9780141017419I only dipped into Claire Tomalin’s biography Thomas Hardy: A Time Torn Man; what I read of his early life was beautifully presented and I will certainly return to his story, even if I don’t continue reading it into June. The artistic tension between his training and work as an architect and his vocation as a poet and later novelist (mainly for the money; he never felt as proud of his novels as his poems) must have strained him at his metaphorical seams. He was also torn between his first wife and his second, reinventing his love for his first wife after her death; almost loving her more in death than in life, recreating her in his poems, more lovely and beautiful than in reality.
His life (1840-1928)  immense and intense chronological tension and changes during a particularly significant period in England’s history, from the beginning of the Victorian era with all the technological development and change, the extension of the British Empire, the explosion of innovation in art and design (architecture included), societal developments in addition to The Great War of 1914-18.

I will continue to dip into Hardy’s poems, novels and short stories for many, many years to come. I hadn’t intended to read much more than one major novel and a selection of poems this month and so I’ve achieved my goal; I knew the pile of books in the cherry blossom tree at the start of the month Thomas_hardywas overly ambitious.
Hardy’s an indisputably great writer (albeit a little verbose at times) and takes the reader on an intense journey of feeling and character development whichever novel you read. His romantic realism is breathtakingly beautiful at times. Some of his characters will always remain with me (Tess, Bathsheba and ‘Little Father Time’s’ heartbreaking note: ‘Done because we are too menny’). I cannot decide whether he loves or hates his heroines in particular; he treats them so badly. Perhaps there’s an element of masochism in his writing which he was never able to put into practice in real life.

As a postscript, I am (indirectly) named after one of Hardy’s poems. Although both my parents are fans of Hardy’s novels and poems (my mum’s a former English teacher and my dad’s an architect), I only discovered his poem ‘Amabel’ about ten years ago while wasting time on a search engine. As expected, it’s a poem of thwarted love and longing; Amabel’s a ruthless woman.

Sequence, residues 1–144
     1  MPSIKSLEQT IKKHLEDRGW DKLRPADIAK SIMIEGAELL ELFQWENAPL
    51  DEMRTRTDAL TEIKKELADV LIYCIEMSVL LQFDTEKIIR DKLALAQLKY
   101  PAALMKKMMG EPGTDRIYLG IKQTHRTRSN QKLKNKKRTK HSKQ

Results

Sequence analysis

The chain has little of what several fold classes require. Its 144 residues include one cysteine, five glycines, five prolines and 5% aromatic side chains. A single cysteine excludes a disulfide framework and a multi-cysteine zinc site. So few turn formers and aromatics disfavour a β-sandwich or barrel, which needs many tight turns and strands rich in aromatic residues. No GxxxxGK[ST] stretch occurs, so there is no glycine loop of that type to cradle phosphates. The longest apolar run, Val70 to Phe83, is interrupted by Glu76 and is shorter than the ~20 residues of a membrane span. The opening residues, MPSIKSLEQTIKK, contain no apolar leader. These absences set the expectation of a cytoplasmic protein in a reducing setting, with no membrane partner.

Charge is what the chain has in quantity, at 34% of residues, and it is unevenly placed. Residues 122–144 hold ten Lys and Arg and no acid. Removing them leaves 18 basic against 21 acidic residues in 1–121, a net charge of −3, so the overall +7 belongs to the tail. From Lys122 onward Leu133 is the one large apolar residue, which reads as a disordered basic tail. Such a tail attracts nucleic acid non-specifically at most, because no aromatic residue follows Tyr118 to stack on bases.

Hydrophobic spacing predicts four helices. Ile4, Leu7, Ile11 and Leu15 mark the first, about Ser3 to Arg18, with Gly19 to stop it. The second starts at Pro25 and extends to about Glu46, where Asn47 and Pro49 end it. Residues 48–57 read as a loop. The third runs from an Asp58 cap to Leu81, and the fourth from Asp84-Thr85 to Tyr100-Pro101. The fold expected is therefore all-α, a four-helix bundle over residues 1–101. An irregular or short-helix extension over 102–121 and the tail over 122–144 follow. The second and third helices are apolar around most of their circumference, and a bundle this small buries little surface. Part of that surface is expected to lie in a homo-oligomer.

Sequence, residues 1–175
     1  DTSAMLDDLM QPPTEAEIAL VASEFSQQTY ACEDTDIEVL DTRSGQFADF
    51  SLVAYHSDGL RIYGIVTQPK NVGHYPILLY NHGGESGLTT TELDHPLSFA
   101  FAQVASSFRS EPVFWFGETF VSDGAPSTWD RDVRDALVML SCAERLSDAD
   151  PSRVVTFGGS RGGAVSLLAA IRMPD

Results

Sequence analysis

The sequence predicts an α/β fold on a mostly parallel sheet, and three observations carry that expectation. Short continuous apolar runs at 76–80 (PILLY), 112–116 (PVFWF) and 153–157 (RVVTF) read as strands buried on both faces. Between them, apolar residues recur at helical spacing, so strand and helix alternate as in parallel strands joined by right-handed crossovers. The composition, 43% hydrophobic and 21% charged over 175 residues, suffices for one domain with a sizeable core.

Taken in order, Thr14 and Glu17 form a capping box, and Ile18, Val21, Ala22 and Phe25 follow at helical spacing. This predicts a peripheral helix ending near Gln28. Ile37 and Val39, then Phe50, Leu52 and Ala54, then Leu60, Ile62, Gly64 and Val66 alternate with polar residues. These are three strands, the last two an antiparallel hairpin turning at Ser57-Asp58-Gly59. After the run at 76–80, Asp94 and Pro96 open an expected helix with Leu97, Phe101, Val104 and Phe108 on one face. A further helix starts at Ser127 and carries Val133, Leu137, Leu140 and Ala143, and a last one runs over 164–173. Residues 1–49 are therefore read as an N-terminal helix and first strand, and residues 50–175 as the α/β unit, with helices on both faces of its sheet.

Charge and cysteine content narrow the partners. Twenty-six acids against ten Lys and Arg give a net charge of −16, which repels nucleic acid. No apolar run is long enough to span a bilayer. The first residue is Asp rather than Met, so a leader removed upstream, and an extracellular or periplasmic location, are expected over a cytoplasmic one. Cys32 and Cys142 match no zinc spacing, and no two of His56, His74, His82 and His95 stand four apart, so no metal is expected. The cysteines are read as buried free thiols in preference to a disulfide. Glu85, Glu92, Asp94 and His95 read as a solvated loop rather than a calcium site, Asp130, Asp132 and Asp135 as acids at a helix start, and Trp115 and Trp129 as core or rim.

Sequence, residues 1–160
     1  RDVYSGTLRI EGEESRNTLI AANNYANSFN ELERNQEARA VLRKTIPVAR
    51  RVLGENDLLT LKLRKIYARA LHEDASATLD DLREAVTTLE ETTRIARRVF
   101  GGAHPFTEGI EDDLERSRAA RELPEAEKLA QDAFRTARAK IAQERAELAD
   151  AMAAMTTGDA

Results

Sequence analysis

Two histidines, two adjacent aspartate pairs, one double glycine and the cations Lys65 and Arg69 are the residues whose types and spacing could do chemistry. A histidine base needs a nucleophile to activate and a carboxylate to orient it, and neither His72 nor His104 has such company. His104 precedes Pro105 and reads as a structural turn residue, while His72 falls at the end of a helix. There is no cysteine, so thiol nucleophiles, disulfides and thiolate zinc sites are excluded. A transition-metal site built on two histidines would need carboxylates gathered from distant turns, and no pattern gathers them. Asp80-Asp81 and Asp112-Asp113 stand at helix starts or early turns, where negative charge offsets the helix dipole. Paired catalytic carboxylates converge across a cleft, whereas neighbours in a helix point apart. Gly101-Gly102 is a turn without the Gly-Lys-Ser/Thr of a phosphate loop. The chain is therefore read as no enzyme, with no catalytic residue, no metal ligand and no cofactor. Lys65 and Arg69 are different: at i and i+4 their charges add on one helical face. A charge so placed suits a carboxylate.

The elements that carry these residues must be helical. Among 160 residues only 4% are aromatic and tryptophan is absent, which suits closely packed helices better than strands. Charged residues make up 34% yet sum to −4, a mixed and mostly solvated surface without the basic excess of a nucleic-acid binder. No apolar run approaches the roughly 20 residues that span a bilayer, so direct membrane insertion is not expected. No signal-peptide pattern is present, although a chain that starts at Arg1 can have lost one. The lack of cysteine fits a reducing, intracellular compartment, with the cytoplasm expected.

Look her up.


Tags: , , , , , , , , , , , , , , , ,

Beyond Pemberley: Powder, Patches and Proposals – A Month-long Regency Romance

I don’t think I’ve fallen in love this month, but I hope I’ve made a good friend to while away a few hours over a pot of tea. (My husband of 13 years can breathe a sigh of relief)
I used to be a little (OK, very) snobbish about light, frothy, genre novels, wondering ‘why would any intelligent reader choose to waste their time reading a novel where you already knew the ending?’ But having spent February reading (mostly) romances set in Regency England, I can now understand why.

They are not especially demanding (some days you’re too tired to concentrate on complicated plots or characterisation), they can be light-hearted (because sometimes life is serious enough), they’re set in a historical era with different manners, customs and a strict social structure (a bit of escapism can be fun; it’s not too difficult to generally visualise the costumes and context if you’ve watched even just one Regency costume drama), the romances have a happy ending (because life is usually more complicated and unresolved, doesn’t always end happily and you don’t always end up with the right partner).